Caring for Senior Cats

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Cats age 8 years and older often have a harder time adjusting to shelter life and may be especially grateful for new home. While they are in CAT’s care, senior cats receive special attention to make their stay with us as comfortable as possible. This could include extra medical treatment, prescription food, dietary supplements, nontraditional housing—including our colony rooms and offices—special bedding or litter boxes, and other adjustments specific to age or health issues. 

Caring for a senior cat requires special attention at home too. Read on for ways to make your own aging cat comfortable. 

Offer easy access. Older cats may experience difficulty getting to places and items that used to be no problem. You may need to make adjustments to ensure that your cat can easily access food, water, litter box, and even favorite resting spots. 

Heated, cozy beds can help keep a senior cat comfortable whether at home or in the shelter.

When your cat can no longer jump up to a beloved bed or window seat, you might decide to rearrange furniture, build a ramp, or purchase pet stairs. Anything you make or buy should feature no-slip surfaces. Speaking of which, you might add extra rugs throughout your home if your cat is struggling on tile, laminate, or hardwood floors. 

If you haven’t already, consider adding litter boxes. An extra litter box in a single-story home or one on each floor puts them in quick reach for a slower-moving cat. For a cat with mobility issues or arthritis, offer a litter box with low sides or a low entry. You can even use a large cookie sheet to create an extra-low litter box. Lining the area with potty pads provides a layer of defense against age-related accidents.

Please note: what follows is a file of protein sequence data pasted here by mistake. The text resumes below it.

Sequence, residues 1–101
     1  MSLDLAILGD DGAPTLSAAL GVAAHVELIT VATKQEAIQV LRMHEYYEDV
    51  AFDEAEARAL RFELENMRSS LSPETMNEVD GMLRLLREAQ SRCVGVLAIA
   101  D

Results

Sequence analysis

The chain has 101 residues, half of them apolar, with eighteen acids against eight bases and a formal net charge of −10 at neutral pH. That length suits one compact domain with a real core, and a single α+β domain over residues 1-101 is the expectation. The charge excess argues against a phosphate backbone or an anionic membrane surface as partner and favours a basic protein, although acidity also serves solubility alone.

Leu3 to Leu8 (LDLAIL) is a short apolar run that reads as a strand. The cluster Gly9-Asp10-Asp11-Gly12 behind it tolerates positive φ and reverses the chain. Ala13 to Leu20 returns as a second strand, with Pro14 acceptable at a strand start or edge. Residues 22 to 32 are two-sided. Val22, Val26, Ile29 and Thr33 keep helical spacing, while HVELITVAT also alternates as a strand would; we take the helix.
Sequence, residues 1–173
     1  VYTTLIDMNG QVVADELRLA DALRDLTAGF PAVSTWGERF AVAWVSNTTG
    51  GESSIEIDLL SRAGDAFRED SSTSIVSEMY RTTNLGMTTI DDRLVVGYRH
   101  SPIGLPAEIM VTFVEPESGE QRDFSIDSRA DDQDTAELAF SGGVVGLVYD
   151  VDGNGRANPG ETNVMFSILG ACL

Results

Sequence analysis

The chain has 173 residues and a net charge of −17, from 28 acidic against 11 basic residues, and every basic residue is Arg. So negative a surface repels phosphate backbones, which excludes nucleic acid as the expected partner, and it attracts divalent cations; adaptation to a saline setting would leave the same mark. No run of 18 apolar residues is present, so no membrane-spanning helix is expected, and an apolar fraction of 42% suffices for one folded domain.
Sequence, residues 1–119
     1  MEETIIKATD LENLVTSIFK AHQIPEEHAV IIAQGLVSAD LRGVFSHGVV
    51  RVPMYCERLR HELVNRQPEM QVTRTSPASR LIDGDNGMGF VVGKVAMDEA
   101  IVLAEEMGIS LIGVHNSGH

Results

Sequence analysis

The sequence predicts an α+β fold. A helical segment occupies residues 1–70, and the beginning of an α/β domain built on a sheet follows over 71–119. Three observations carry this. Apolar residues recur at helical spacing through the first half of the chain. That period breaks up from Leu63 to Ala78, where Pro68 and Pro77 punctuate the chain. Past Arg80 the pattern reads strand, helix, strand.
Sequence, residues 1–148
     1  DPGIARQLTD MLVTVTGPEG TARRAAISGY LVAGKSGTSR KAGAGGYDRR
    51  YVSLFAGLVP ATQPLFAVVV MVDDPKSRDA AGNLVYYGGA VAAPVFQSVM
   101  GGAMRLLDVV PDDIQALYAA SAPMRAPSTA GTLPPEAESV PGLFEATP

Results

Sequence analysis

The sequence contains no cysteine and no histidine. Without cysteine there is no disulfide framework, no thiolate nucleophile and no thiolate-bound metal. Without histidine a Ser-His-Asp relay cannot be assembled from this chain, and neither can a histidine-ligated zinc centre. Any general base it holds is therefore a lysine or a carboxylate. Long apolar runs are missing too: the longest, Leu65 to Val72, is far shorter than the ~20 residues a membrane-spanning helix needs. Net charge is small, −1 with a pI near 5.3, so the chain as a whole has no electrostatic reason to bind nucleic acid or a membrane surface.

Keep it cozy. Cats of all ages seek out warm resting spots. Older cats in particular benefit from warmth and soft places to rest. Keep your cat’s favorite bedding in a sunny, soft spot that is out of the way of drafts or breezes. You might even consider an orthopedic or heated pet bed. Options include electric beds and cushions, microwaveable warming discs, and even self-warming bedding that heats up as your cat uses it. 

Be the brusher. Elderly cats may be less likely to self-groom, making it important for you to step in to help. Gently brush your cat, provide frequent nail trims, and check teeth and ears for buildup. While your older cat may indeed reduce grooming, a sudden lack of self care could indicate a health problem. 

Seek veterinary care. Senior cats may sleep more, lose or gain weight, and move differently than when they were younger. But you shouldn’t assume health or behavior changes are just normal aging. Any changes—even those that are gradual—can signify illness or other issues. Senior cats should see the vet at least every six months. Your veterinarian might recommend blood work, x-rays, or other tests to diagnose health issues that are common among senior cats, including renal issues, heart disease, arthritis, and hyperthyroidism. Early diagnosis and treatment are your best chance to extend and improve your cat’s life. 

Caring for a senior cat may take some extra work, but it’s worth it. With a few changes to your home and cat care routine, you can help your cat age with grace.

About Cat Adoption Team

Cat Adoption Team (CAT) is the largest cat shelter in the Pacific Northwest. We offer adoption, foster care, and veterinary services to homeless cats and kittens.

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